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Samsung Galaxy A8 Review: A Par-Flagship Device with Premium Design
Samsung has manages to stay pretty alert in the industry for a long time and thus has been proactively pulling all the spotlights towards itself by launching phenomenal devices.
The Galaxy Edge, which has rocked the smartphone industry with its awesome three-sided display, the iconic Note Series, not to forget the Galaxy S series, which stay as a premium range still and the new Galaxy A series have all made the South Korean tech firm not only the best but the favorites of the many Indian customers. The popularity that once Nokia use to boast about is what Samsung is now all about.
- Great design
- Good performance
- 128GB expandable memory
- Camera could have been better
- Over heating
Anyway, the company recently launched the new device in the Galaxy A Series - the Galaxy A8 and with no facets of a nervousness, it has easily become the most desired device among the Samsung fans.
You don't need to be the best if you can be the crowd favorite. The Samsung Galaxy A8 is Samsung's thinnest smartphone yet and is certainly learning from the Note5 in some respects, but while it can't beat it on features it's likely to rival it on popularity.
The device may look a bit over-sized at the first glance but surely, it does offer the best of the build quality and functionality as well. You will also notice a thin profile besides the display size (5.7-Inch)
Anyway, you wouldn't know about how the device performs in reality, hence after using it for a while thoroughly, GizBot has come up with a review of the handset. But before we move ahead with it, let me tell you that the device is priced at Rs. 32,500. I already know what you must be thinking, "Is it worth it?" Well, that's exactly why we are here. So let's see if it's worth your budget or not.
Samsung was following pretty much the same design language in all its smartphone but it started changing vigorously since last year. The Galaxy Edge, and the Galaxy A series projected quite a neo-feel in them. Thankfully, even the
Galaxy A8 has become a unique device in terms of design. It is the slimmest phone from the Korean giant so far measuring just 5.9mm. But if in case you are thinking that it the slimmest so fat, you are wrong. We have seen Gionee doing far better with its devices in terms of maintaining thickness/thinness.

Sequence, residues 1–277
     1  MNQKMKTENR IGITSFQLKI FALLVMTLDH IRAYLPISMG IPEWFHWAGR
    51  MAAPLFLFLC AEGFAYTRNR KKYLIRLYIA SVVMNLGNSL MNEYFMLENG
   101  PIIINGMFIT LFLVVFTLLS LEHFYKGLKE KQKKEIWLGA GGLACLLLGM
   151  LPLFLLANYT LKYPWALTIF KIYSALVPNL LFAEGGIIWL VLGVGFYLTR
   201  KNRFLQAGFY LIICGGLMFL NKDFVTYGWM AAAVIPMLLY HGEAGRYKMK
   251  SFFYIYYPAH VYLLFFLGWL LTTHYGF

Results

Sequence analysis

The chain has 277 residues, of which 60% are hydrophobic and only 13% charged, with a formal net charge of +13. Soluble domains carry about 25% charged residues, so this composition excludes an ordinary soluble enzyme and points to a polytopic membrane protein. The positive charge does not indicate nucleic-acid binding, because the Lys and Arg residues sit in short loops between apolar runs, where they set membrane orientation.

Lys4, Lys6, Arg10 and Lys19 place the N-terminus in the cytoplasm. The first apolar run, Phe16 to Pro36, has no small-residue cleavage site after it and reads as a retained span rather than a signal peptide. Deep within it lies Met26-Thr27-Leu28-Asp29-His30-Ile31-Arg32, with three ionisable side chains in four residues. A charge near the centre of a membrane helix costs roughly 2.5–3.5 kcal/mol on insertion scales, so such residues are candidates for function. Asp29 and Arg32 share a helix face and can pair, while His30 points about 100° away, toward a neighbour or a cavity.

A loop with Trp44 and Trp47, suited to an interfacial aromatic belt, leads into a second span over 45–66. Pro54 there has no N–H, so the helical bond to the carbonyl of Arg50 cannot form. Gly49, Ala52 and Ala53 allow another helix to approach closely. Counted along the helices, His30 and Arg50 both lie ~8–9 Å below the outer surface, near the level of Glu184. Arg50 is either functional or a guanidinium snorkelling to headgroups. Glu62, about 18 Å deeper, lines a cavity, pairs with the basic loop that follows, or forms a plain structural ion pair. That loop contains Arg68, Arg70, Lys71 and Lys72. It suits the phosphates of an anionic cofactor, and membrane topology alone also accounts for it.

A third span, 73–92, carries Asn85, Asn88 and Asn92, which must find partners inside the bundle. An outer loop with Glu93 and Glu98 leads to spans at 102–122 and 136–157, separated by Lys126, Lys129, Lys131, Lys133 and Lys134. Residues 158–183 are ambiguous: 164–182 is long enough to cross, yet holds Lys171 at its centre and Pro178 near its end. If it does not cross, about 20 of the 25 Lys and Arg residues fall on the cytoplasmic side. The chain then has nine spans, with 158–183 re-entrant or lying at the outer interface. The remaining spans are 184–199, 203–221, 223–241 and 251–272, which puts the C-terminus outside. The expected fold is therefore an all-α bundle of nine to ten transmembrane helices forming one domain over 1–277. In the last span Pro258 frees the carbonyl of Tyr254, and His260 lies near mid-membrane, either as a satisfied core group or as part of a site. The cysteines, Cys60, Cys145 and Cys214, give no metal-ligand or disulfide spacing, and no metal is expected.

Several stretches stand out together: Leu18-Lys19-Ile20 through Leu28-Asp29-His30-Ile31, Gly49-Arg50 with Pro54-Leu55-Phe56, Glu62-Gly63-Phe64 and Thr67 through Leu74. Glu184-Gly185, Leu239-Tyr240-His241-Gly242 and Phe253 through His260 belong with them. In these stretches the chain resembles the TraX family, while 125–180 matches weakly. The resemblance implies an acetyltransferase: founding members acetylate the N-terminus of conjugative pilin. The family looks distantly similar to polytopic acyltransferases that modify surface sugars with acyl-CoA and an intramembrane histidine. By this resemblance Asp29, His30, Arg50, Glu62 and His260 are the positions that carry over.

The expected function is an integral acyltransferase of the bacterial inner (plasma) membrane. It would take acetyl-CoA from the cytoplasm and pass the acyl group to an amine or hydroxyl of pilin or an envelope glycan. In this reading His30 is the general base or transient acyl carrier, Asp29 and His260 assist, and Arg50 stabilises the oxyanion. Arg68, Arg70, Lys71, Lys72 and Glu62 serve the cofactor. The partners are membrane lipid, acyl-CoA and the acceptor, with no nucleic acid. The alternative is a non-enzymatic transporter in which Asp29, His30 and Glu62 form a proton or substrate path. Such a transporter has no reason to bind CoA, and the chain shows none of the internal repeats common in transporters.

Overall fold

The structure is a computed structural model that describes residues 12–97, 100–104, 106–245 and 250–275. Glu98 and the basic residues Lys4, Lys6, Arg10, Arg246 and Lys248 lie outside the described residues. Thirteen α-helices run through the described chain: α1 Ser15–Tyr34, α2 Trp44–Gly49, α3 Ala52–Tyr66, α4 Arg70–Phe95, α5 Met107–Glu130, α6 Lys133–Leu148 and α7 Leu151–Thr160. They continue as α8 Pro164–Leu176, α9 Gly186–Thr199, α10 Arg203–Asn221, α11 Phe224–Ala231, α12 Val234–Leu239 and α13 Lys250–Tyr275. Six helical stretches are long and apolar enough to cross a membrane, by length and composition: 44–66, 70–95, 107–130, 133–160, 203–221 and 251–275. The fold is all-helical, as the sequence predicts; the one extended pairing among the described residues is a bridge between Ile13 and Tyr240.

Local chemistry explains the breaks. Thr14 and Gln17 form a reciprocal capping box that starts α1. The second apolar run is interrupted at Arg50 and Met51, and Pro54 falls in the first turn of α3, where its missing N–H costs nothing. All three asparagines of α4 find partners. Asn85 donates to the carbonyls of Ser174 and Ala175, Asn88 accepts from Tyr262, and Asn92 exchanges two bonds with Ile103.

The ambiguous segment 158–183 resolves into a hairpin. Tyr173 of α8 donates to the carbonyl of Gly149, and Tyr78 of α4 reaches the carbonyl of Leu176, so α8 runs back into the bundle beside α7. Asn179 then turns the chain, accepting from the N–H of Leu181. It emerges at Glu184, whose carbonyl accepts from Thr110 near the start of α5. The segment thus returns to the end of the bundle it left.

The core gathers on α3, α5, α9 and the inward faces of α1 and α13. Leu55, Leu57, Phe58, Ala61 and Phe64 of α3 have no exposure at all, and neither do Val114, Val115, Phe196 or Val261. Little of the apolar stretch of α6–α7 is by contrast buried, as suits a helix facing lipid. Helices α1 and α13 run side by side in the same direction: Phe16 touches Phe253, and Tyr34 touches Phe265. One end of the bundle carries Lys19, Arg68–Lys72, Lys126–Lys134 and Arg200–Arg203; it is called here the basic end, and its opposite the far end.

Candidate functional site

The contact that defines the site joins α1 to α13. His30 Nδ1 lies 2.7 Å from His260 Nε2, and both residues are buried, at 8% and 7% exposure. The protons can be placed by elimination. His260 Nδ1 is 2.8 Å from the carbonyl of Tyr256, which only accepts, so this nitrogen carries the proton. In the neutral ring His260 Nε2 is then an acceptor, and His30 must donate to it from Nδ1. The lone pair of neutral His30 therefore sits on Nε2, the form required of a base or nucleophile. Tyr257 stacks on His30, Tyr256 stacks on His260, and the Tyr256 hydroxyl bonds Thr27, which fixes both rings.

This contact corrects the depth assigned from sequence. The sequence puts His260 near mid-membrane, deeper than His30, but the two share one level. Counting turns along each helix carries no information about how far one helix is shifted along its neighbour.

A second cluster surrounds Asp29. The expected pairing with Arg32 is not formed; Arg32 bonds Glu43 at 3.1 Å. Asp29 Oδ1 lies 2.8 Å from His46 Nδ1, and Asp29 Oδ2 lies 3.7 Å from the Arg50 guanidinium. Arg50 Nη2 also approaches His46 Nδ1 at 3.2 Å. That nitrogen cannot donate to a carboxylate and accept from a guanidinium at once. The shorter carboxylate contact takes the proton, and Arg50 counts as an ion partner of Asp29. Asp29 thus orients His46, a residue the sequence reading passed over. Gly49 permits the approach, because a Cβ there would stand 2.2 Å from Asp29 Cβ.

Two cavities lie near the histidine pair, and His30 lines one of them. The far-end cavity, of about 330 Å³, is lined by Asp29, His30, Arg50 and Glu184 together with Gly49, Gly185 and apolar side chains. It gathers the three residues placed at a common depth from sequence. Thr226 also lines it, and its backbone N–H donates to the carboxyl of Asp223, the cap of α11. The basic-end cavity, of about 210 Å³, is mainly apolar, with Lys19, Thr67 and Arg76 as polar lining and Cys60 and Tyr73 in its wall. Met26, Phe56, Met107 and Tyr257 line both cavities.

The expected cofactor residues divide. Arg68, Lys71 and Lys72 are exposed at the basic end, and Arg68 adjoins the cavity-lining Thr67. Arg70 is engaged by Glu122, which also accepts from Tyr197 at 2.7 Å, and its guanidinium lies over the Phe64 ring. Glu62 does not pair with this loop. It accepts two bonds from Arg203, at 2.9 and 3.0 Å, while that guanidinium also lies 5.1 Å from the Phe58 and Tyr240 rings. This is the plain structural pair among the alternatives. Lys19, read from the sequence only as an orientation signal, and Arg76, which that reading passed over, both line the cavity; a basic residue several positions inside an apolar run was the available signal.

But what makes the Galaxy A8 a great device? Among all, the obvious feature that makes it look premium and design-wise a brilliant piece is the build quality and the curves and shapes of the device. The metal frame and edgy sides highly tweaked at the corners give the Galaxy A8 an extra mileage in the market. Moreover, the design also somehow offers a firm grip to the hands.
At a first glance, you will think that the Galaxy A8 comes with a unibody design, but it's not. The back panel is crafted with plastic and is not removable. However, the transition from the plastic backpanel to the metal frame is incredible. The back panel hosts a speaker grille, camera module and an LED flash as well.
Rotate the device, and you will see a massive 5.7-inch display with a decent screen-to-body ratio. The absence of the oversized bezel and odd bulky head-space in the device I very soothing to the eyes. Right below the display, a physical button can be seen, which also doubles as the finger-print sensor.
On the either side of the device, there are Back and Multi-tasking soft buttons. On the right edge there is a power/standby button and on the left edge you have two distinct volume buttons and SIM and MicroSD card trays. The top edge is devoid of any buttons and the bottom edge houses a microUSB charging/data transfer port and a 3.5mm audio jack.
Design-wise, the Galaxy A8 is a very alluring device. The metal frame and the curves and cuts made on the frame's sides are what differentiates this particular device from the rest.
Samsung has experimented with almost all the screen sizes and evidently almost all its devices have hit the popularity points. Though, it's not new to the market, the Galaxy A8's 5.7 inches display has quite suited the frame of the handset.